[LFCV] I made a video to advertise the workshop. It was based on these slides. I took the pentomino image from here.
[LFC] Here is its unofficial page, that has lots of links and resources.
Here is the official page of the workshop.
Here is its original description and call for papers in PDF form.

Visualizing Geometric Morphisms (talk at UniLog 2018)

A talk given at the workshop "Categories and Logic" in the UniLog 2018 in june 22, 2018.
Its subtitle was "An application of the "Logic for Children" project to Category Theory".
[VGM] Slides.

Planar Heyting Algebras for Children (2017-) ***

Finite planar Heyting Algebras ("ZHA"s) are very good tools for teaching Heyting Algebras and Intuitionistic Propositional Logic to "children"; "children" here means "people without mathematical maturity", in the sense that they are not able to understand structures that are too abstract straight away, they need particular cases first.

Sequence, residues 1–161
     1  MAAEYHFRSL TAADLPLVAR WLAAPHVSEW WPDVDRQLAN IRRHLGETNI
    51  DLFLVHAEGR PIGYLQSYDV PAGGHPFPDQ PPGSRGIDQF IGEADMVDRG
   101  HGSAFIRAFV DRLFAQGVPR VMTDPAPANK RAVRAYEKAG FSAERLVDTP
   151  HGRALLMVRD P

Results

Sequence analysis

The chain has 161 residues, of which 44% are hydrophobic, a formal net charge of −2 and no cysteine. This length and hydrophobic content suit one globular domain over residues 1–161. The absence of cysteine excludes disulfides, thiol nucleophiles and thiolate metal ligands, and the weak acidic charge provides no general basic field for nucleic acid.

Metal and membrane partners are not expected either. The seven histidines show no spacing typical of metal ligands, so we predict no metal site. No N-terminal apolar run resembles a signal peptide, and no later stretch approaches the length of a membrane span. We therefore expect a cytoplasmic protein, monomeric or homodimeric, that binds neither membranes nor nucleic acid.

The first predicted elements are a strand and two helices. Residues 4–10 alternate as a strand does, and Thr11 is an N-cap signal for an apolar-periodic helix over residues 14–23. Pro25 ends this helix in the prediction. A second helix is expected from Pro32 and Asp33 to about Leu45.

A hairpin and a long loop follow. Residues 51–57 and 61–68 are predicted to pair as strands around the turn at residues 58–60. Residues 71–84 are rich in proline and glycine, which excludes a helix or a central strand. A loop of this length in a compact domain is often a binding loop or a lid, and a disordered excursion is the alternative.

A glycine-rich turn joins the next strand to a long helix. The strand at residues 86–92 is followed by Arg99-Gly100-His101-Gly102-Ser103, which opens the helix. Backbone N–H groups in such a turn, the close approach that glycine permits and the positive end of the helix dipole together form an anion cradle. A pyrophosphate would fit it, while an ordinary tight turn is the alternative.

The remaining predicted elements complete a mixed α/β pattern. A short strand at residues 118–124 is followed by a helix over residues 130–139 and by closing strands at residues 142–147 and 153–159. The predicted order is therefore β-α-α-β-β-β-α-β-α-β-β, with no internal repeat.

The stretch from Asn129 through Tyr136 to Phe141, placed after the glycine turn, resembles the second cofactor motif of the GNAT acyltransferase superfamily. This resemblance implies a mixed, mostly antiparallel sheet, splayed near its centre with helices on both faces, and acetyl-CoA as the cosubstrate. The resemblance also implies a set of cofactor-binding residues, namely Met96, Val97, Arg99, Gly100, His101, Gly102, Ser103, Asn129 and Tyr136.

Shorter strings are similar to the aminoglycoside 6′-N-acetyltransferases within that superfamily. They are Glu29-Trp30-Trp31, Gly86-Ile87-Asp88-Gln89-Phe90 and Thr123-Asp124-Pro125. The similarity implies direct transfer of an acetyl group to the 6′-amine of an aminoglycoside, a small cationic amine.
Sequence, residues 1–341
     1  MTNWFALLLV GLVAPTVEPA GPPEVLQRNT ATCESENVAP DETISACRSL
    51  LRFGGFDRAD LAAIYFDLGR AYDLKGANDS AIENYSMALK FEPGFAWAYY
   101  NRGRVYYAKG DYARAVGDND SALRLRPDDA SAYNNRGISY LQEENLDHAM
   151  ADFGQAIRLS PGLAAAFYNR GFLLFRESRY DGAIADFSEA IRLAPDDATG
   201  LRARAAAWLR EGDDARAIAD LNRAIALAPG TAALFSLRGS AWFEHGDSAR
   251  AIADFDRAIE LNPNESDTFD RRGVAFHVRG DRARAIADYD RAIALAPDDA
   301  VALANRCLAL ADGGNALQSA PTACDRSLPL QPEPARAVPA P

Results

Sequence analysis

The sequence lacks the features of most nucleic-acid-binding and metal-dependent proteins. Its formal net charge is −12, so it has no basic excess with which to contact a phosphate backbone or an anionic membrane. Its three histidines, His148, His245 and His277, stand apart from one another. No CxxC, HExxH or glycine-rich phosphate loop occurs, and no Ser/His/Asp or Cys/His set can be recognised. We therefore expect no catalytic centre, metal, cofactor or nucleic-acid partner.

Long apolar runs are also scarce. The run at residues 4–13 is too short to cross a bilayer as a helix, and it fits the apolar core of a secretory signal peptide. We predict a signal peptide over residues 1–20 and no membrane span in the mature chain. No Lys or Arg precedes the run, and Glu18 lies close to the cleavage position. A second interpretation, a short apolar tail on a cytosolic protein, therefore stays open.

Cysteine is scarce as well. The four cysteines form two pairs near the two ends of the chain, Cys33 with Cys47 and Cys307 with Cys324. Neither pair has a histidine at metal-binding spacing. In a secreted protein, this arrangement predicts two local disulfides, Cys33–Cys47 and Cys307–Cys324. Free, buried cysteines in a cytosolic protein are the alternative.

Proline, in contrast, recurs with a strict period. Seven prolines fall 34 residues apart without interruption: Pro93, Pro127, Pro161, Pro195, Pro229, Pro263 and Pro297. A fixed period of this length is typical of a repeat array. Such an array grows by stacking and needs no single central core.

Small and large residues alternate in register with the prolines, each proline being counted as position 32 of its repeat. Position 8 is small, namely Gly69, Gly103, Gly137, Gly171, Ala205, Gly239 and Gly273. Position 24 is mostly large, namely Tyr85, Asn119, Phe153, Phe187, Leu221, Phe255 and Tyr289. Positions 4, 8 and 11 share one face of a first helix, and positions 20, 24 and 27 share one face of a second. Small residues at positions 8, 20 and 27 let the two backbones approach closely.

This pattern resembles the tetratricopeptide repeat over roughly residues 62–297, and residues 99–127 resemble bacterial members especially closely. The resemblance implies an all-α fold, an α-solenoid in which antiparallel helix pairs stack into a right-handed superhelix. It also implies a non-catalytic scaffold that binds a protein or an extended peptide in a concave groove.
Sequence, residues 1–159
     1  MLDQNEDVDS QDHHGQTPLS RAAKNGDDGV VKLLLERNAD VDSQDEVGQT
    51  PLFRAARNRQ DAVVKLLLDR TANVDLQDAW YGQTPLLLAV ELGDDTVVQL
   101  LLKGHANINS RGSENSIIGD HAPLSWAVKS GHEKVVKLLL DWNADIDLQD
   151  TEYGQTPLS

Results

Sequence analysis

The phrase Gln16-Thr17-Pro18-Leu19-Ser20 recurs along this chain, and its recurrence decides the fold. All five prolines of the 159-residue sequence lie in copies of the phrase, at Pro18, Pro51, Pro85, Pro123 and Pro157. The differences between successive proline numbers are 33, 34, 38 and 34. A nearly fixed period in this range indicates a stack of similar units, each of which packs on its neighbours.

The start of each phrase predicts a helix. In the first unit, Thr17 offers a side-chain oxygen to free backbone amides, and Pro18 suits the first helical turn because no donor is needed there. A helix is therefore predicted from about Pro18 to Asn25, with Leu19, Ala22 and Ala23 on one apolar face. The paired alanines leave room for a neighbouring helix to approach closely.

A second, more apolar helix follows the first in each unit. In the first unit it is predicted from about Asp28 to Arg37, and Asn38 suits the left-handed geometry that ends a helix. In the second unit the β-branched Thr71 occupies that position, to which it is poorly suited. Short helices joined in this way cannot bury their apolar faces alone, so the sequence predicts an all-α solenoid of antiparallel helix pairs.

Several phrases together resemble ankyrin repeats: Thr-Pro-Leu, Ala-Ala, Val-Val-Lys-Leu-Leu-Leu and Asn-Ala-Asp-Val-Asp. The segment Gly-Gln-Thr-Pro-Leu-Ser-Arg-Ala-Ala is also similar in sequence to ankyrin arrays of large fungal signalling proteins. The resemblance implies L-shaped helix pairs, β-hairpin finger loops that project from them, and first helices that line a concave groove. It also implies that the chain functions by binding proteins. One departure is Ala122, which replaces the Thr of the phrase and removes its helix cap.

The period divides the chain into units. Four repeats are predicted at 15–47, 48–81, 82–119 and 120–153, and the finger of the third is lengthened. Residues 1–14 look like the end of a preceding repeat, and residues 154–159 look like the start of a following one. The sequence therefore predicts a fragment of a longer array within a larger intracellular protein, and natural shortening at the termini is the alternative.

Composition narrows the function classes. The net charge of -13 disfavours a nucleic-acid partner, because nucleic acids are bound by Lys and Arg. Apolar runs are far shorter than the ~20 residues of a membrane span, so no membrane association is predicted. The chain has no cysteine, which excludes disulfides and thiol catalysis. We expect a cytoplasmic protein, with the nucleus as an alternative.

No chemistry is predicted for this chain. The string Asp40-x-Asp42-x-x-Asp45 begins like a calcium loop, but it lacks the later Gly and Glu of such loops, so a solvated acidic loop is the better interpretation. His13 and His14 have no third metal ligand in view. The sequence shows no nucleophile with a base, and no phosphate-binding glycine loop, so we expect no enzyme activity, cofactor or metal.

This is going to be a series of three papers.

[PH1] The first paper, called "Planar Heyting Algebras for Children", is about intuitionistic logic and ZHAs, and about the relation between ZHAs and topological semantics. It has been tested on real "children" - sophomore CS students! - and it was published in the South American Journal of Logic, vol.5, no.1.

[PH2] The second paper, called "Planar Heyting Algebras for Children 2: J-Operators, Slashings, and Nuclei", is about a way to visualize nuclei on ZHAs; nuclei are the basis for building sheaves. There is a version of it on arxiv, as arXiv:2001.08338, and the current version is here. I am rewriting some of its sections (for the n-th time).

[PH3] The third paper - with Peter Arndt, about tools for visualizing some of the material about geometric morphisms and sheaves in section A4 of Johnstone's Sketches of an Elephant - is still in gestation, but the extended abstract called "On some missing diagrams in the Elephant" (PDF) - that I submitted to the ACT2019 contains many of the ideas that will be on it.

"On my favorite conventions..." - a broad view of the "for children" project, with concrete examples (2020). Start by this!
"Visualizing geometric morphisms" - my talk about the third paper at the UniLog2018.